By Geoff Bennett, Shannon Pettypiece and Monica Alba


WASHINGTON — At a campaign rally Saturday in North Carolina, President Donald Trump left no doubt about the gender of his forthcoming choice for the Supreme Court: "It will be a woman."

Supporters in Fayetteville chanted, "Fill that seat." Trump said he did not have a nominee yet but would make his choice "next week."


"We have numerous women on the list," Trump said.

Amy Coney Barrett, a federal appellate court judge, has emerged as one of the front-runners to fill the seat left vacant by the death of Justice Ruth Bader Ginsburg, three sources told NBC News.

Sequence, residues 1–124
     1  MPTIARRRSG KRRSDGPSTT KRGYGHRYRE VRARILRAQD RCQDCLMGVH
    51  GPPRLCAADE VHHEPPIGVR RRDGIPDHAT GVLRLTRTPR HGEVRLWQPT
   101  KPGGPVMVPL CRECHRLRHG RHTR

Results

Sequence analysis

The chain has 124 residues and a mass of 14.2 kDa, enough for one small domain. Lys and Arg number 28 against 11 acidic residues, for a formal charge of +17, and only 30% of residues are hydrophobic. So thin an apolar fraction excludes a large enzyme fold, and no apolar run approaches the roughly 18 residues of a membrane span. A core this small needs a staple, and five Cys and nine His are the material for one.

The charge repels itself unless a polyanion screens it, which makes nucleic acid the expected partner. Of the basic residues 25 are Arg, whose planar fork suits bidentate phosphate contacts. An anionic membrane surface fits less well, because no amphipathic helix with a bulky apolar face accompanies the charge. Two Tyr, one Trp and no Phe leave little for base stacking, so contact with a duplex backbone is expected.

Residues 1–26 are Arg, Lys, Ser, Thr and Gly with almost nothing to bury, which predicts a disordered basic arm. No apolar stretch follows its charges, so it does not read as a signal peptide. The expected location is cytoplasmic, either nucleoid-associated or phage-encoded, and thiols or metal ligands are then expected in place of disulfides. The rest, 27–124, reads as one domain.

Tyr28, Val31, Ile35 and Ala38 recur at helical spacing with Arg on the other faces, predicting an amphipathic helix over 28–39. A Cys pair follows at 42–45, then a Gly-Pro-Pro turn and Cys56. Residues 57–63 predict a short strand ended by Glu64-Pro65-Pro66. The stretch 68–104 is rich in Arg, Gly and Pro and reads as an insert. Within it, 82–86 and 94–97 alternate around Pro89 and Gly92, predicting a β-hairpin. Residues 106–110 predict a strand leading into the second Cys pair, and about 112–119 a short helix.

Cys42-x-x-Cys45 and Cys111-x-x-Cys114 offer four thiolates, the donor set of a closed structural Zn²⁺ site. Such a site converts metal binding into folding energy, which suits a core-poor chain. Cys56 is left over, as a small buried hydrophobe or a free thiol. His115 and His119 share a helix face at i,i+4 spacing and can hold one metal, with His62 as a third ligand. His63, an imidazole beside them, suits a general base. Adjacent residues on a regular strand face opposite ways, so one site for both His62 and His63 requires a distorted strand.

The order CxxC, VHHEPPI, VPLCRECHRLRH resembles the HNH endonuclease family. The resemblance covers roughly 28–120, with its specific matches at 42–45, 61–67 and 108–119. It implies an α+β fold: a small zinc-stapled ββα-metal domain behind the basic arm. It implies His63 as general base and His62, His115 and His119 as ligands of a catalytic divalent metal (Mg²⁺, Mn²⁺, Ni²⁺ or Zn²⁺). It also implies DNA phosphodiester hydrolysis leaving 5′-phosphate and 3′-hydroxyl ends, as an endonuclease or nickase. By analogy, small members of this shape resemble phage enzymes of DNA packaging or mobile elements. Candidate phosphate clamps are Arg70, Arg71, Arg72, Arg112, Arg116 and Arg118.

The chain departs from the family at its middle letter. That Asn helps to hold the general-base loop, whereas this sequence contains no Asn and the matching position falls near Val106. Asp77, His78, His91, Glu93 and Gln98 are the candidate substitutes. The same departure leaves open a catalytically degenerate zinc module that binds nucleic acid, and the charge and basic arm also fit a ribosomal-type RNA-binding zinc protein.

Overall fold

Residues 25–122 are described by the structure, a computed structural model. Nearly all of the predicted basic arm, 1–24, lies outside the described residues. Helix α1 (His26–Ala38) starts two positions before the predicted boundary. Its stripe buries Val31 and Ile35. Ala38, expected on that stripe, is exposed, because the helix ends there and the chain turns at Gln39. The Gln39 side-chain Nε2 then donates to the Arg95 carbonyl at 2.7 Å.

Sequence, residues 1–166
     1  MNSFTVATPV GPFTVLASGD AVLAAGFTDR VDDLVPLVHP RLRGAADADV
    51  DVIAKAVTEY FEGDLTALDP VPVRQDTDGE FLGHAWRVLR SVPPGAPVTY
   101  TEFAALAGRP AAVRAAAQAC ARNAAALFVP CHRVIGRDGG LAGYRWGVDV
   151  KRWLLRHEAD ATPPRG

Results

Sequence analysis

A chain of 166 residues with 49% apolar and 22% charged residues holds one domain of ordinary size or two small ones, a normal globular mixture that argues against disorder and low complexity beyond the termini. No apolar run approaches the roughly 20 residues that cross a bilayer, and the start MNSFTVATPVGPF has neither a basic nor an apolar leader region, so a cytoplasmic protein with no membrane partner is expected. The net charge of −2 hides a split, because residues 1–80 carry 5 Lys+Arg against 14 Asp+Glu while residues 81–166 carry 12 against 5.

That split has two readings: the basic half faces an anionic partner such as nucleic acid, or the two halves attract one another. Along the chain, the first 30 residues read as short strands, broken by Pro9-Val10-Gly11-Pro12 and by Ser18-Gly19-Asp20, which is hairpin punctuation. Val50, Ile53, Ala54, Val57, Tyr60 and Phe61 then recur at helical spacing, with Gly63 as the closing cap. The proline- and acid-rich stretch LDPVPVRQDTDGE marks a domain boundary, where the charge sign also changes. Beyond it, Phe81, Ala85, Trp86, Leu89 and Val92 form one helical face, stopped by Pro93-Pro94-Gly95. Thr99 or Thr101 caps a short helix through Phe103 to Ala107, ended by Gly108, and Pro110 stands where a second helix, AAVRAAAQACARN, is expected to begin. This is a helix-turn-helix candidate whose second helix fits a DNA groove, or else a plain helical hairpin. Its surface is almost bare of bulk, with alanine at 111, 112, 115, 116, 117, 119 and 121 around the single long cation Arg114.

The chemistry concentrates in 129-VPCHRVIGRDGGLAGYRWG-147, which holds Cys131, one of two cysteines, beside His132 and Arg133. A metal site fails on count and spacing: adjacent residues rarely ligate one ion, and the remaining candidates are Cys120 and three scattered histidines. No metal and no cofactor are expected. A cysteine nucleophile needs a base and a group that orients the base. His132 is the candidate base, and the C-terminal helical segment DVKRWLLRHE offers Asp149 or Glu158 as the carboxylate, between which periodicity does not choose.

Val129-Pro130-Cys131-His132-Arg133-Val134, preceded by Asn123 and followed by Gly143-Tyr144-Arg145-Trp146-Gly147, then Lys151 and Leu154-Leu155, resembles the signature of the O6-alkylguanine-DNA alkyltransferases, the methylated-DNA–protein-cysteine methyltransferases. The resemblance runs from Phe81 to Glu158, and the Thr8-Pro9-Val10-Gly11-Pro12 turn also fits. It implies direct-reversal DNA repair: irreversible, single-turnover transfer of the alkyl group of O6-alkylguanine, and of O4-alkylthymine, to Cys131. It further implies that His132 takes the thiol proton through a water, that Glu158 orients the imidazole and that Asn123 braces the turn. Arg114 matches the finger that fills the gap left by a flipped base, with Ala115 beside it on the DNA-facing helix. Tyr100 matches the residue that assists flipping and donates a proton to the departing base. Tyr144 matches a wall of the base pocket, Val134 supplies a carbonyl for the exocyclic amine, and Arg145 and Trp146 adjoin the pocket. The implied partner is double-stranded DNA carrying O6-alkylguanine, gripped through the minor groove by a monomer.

Barrett, 48, was on the shortlist in 2018 to replace retiring Justice Anthony Kennedy when Trump — who on Saturday called her "very respected" — ultimately selected Justice Brett Kavanaugh.

The sources note that Barrett has been vetted and is a “known quantity” given her 2017 confirmation to sit on the U.S. Court of Appeals for the Seventh Circuit based in Chicago. Trump also said his

Republicans thought she performed well in that venue and defended herself against allegations that her religious beliefs would color her legal judgment.

At the time, Sen. Dianne Feinstein, D-Calif., told her, “The dogma lives loudly within you, and that's a concern.”


Among Barrett’s perceived pluses from a GOP perspective is that she’s well-regarded by the religious right given her ardent opposition to abortion and her devout Catholic faith, she’s a former clerk to the late Justice Antonin Scalia, she’s a woman — viewed as a prerequisite in replacing the feminist icon Ginsburg — and is also a mother to seven children.


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